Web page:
In recent years, exome sequencing has become an important diagnostic tool in genetics. Analyzing the protein-coding region of the genome, this test examines the majority of disease-causing genes to identify disorders that would otherwise be missed in individuals with multiple features not characteristic of one particular syndrome or condition. However, with the scope of such a complex test comes the possibility of genetic variants of uncertain clinical significance (VUS) and incidental findings unrelated to a patient’s clinical presentation. This complicates genetic counseling by adding more time, paperwork, and complexity to the consent and disclosure processes.

While not currently available in the prenatal setting, it is likely that exome sequencing will soon be available to prenatal genetic counselors. My thesis research focuses on how prenatal and laboratory counselors feel about the possible implementation of prenatal exome sequencing, and what factors influence those opinions. My goal is to assess in what situations they feel prenatal exome sequencing would be appropriate and to see if any discrepancies exist between the prenatal counselors, who are seeing patients in a clinical setting, and laboratory counselors, who are researching variants and writing reports that eventually go back to the clinic.

I developed my thesis project with assistance from my coworkers at the genetic testing laboratory where I worked prior to graduate school and my mentors at the University of Pittsburgh. Through developing my survey, I’ve learned important skills. Reviewing literature has helped to guide the survey creation process, and I’ve learned about specific ways in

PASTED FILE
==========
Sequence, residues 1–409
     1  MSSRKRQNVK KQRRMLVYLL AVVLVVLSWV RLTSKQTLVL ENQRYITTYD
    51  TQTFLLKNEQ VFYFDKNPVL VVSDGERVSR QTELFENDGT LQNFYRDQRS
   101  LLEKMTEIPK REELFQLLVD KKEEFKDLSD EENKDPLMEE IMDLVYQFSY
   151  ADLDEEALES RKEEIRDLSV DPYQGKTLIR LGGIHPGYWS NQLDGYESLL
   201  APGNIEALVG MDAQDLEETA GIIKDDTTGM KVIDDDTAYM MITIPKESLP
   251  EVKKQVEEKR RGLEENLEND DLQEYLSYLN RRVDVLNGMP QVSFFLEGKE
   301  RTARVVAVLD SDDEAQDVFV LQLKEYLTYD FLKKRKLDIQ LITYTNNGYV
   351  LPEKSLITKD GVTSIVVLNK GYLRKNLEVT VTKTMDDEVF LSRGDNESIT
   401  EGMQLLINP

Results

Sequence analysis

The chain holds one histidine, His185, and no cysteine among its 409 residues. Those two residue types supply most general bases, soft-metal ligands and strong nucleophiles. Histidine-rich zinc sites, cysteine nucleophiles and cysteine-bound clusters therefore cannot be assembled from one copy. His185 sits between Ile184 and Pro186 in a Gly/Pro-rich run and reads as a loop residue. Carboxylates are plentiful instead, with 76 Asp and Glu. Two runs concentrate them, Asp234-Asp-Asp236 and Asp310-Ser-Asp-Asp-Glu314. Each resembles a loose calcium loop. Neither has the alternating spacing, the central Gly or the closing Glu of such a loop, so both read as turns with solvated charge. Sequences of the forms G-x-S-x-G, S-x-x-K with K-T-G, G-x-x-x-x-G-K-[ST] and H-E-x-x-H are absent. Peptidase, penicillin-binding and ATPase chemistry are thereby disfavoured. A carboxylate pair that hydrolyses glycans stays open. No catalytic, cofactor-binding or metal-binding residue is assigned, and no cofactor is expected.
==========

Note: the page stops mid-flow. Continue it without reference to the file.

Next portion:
which survey questions are coded to help ease the process of statistical analysis, such as creating questions that follow a “Likert scale”, e.g. Please rate how much you agree or disagree with the following (1=strongly disagree,  5=strongly agree).

In addition, my thesis has forced me to think about my own opinions regarding this testing, and to confront these opinions to help structure the questions in the best possible manner. I hope that the results of this survey will help to identify problem areas that should be addressed before prenatal exome sequencing is offered by labs, as well as to show any similarities or differences that develop from working in clinic versus working in the lab in regards to opinions of new testing implementation.

-Tricia Zion, class of 2016

Friday, October 2, 2015

A PhD in Human Genetics with a Focus in Genetic Counseling

The University of Pittsburgh Genetic Counseling Program is unique and sets itself apart from other programs in many ways, particularly through the opportunity to apply for the PhD program in Human Genetics with a focus in genetic counseling. The PhD provides a research supplement to a genetic counseling degree and broadens career opportunities.